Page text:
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NC Test Scores Provide New Snapshot Of Academic Setbacks During The Pandemic

In March, Romona Matthews helps a student who forgot his iPad. She's carrying her laptop to keep up with students learning remotely.
Ann Doss Helms
Oakdale Elementary teacher Romona Matthews conducts hybrid instruction in March 2021.

In 2019, the last time North Carolina's state exams were given before the pandemic, the composite pass rate for all students was 59%. This year it was 45%.

Scores released Wednesday provide the fullest snapshot to date of a year disrupted by the COVID-19 pandemic. The exams were canceled in 2020, when schools were closed.

Last school year, classes and exams resumed, but students moved between virtual and in-person classes as community spread of the coronavirus ebbed and flowed. Teachers often juggled some students connected by Zoom and others in the classroom.

As predicted, the setbacks hit hardest in communities that faced the biggest challenges, widening gaps that existed before the pandemic. For instance:

  • For economically disadvantaged students across North Carolina, the composite pass rate was 29%, compared with 56% for all other students.
  • For students with disabilities, it was 15%, compared with 50% for the rest.
  • For students who are still learning to speak English, known as English learners, the composite pass rate was 14%, versus 48% for all others.
  • By racial group, the composite pass rate was 74% for Asian students, 59% for white students, 34% for Hispanic students and 26% for Black students.

Because of the pandemic disruptions, this year's test results won't be used to assign letter grades and "low performing" labels to schools. And the traditional school growth ratings, which measure how students progressed from one year to the next, are missing this year because of the lack of consistent, comparable data.
Officials say the 2021 data will be used to guide decisions about moving forward — a task that's complicated by the fact that the pandemic is again disrupting the return to classrooms. The report breaks down results on all exams by schools, including all district and charter schools in North Carolina.

"Educators, administrators, parents and many others who are concerned about the education of North Carolina’s children will have access to data that will deepen their understanding of the effects of the past 18 months on our students growth and proficiency and will guide efforts to recover from the losses that we know have occurred," said state Board of Education member Jill Camnitz.

Third-Grade Reading

For years, North Carolina has tried to get third-graders reading on grade level, using a combination of summer reading camps, "social promotion" bans and bonuses and training for teachers. Experts and educators say students who can't read well by late elementary school tend to fall behind on all subjects.

Even before the pandemic there was little progress. In 2019, 57% of all third-graders earned a minimum grade-level reading score, and 45% hit the level considered on track for college and career success.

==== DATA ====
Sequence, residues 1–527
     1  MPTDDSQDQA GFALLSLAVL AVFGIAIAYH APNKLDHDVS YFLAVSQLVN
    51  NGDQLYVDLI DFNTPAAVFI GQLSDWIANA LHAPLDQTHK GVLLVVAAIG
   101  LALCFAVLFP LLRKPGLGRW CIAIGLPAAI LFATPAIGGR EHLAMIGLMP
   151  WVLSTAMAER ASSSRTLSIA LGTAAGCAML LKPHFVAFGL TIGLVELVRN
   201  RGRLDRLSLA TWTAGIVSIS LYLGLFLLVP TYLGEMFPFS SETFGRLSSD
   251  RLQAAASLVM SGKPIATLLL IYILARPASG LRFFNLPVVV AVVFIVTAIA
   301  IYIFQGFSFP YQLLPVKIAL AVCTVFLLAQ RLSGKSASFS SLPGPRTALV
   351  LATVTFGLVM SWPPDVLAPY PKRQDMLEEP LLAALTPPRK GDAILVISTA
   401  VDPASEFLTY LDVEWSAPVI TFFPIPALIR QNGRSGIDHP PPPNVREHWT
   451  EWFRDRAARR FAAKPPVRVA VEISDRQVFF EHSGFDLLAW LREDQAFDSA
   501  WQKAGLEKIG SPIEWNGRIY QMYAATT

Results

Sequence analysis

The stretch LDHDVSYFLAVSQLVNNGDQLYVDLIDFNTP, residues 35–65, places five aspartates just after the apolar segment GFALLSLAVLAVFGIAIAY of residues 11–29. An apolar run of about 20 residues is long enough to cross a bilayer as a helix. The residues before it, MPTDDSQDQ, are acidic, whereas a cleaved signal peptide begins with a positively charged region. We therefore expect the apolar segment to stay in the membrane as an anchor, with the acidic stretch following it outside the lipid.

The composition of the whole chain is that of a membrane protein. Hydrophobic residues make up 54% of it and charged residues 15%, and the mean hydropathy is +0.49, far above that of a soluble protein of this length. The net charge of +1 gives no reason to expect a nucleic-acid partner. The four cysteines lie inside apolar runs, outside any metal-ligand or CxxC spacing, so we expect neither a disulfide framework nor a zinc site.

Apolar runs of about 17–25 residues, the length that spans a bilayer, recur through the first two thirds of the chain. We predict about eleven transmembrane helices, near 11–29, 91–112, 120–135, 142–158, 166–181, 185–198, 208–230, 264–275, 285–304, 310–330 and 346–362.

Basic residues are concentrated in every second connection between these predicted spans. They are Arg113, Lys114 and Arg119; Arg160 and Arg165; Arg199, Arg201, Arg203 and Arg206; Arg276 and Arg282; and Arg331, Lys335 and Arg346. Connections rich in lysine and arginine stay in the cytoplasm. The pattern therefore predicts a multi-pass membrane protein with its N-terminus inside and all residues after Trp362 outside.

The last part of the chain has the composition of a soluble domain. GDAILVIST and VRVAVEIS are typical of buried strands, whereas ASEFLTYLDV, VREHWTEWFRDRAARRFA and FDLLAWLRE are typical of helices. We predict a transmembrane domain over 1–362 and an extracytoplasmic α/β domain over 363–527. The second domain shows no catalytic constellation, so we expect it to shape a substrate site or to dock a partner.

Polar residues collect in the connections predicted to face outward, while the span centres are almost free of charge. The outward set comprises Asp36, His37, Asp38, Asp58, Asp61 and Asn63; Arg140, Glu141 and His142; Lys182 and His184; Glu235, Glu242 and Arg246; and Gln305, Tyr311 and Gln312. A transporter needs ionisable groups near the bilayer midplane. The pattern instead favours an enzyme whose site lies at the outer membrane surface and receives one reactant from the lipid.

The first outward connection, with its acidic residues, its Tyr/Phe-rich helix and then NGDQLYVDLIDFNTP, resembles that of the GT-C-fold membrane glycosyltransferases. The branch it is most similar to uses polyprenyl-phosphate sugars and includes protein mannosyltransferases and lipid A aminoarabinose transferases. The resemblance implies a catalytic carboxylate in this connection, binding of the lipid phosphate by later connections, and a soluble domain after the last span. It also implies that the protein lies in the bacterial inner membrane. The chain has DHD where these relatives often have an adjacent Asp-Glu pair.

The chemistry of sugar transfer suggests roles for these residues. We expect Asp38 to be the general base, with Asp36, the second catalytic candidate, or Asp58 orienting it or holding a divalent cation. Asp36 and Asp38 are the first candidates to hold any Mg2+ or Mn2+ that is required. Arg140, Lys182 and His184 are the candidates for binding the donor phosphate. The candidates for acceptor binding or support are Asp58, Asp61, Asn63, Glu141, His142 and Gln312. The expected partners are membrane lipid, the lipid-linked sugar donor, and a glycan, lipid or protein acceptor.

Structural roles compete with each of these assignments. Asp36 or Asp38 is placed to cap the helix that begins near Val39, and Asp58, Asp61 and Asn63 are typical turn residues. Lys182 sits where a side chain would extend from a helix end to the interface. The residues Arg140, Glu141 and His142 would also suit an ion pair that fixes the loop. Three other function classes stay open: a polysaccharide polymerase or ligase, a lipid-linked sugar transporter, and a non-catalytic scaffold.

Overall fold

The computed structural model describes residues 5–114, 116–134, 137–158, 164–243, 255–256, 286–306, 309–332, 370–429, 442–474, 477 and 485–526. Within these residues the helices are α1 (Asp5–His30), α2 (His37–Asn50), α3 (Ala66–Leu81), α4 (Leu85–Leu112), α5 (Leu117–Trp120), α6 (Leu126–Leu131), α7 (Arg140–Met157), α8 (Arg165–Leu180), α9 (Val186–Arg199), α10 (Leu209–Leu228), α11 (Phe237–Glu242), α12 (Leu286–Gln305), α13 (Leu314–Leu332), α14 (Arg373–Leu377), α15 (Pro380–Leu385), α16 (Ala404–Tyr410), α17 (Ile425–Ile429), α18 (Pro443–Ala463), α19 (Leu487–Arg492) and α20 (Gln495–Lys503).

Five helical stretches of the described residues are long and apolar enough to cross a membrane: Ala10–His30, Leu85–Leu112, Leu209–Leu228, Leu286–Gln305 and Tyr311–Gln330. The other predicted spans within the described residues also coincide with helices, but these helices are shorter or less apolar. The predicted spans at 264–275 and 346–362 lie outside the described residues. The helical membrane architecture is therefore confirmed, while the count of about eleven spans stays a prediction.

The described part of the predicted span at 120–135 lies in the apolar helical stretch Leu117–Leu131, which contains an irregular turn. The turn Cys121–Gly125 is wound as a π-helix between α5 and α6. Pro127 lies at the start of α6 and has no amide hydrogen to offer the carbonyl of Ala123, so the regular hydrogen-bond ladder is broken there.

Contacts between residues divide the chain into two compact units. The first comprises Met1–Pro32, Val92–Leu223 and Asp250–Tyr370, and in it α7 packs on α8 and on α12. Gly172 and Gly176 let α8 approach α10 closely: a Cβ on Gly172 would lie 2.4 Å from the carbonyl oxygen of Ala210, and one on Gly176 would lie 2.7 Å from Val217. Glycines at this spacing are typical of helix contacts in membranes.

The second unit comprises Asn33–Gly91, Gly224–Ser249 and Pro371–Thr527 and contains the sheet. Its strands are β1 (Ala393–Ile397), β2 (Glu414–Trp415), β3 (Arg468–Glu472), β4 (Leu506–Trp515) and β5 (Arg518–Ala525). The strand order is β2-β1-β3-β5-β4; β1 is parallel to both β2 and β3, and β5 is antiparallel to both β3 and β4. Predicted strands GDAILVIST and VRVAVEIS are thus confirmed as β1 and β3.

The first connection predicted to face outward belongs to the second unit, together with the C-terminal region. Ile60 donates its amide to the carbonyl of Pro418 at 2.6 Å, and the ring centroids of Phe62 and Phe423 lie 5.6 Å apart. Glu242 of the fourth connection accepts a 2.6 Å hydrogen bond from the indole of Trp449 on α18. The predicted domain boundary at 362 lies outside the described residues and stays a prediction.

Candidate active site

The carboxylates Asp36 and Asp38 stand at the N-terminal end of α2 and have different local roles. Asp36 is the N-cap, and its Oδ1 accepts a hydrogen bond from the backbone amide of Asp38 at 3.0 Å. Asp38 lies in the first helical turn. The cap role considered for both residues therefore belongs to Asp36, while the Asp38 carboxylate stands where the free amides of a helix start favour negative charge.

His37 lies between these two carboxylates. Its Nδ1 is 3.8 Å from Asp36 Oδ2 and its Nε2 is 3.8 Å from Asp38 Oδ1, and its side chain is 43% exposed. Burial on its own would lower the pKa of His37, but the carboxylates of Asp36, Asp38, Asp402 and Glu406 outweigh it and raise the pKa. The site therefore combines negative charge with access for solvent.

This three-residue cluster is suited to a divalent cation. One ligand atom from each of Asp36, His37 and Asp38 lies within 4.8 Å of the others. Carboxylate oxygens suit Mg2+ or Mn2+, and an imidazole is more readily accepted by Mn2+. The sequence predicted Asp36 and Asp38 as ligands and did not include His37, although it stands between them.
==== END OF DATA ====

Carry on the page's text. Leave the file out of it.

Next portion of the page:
This year, 45% hit the grade-level mark and 30% hit the higher target. There were also revisions to the testing that may have affected results.

Again, the third-grade reading scores reveal wide gaps:

  • Only 29% of economically disadvantaged third-graders hit the grade-level mark, compared with 57% of all others.
  • For English learners, 18% hit the mark, compared with 49% of those considered proficient in the language.
  • For third-graders with disabilities, the pass rate was 16%, compared with 49% for those without disabilities.
  • The third-grade reading pass rate was 68% for Asian students, 60% for white students, 30% for Hispanic students and 28% for Black students.

Teachers across the state are being trained in a program designed to help them teach "the science of reading" in hopes of improving early reading ability.

Big Challenges In Math

Math scores in grades 3-8 showed similar trends, but were even lower. Overall, 40% of North Carolina students passed those exams, compared with 59% in 2019.

  • For economically disadvantaged students, 23% earned passing math scores, compared with 51% for those from higher-income families.
  • English learners logged a 16% pass rate on math, versus 42% for the rest.
  • The pass rate was 13% for students with disabilities and 44% for those without disabilities.
  • By race, the math pass rate was 74% for Asian students, 54% for white students, 29% for Hispanic students and 19% for Black students.

High Schools Show Less Impact

North Carolina 11th-graders also take the ACT, a college-readiness exam that tests English, math, reading, science and writing. This year, 55% of all students hit the composite score considered to indicate readiness for college, down only one percentage point from 2019.

Four-year graduation rates also showed little change, with 87% graduating on time in 2021 and 2019.

Who Skipped The Exams?

While exams went on last school year, the pandemic led to lower testing rates. Students were required to report to schools for exams, even if they had opted for all-virtual classes because of concerns about contracting COVID-19 and/or exposing fragile family members.

Homeless students, children in foster care, English learners and students with disabilities had lower participation rates than counterparts without those barriers.

Education officials described Wednesday's report as only a first step toward understanding what happened last year. A deeper "learning loss" analysis will be presented to the state board in March 2022, they said.

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Ann Doss Helms has covered education in the Charlotte area for over 20 years, first at The Charlotte Observer and then at WFAE. Reach her at ahelms@wfae.org or 704-926-3859.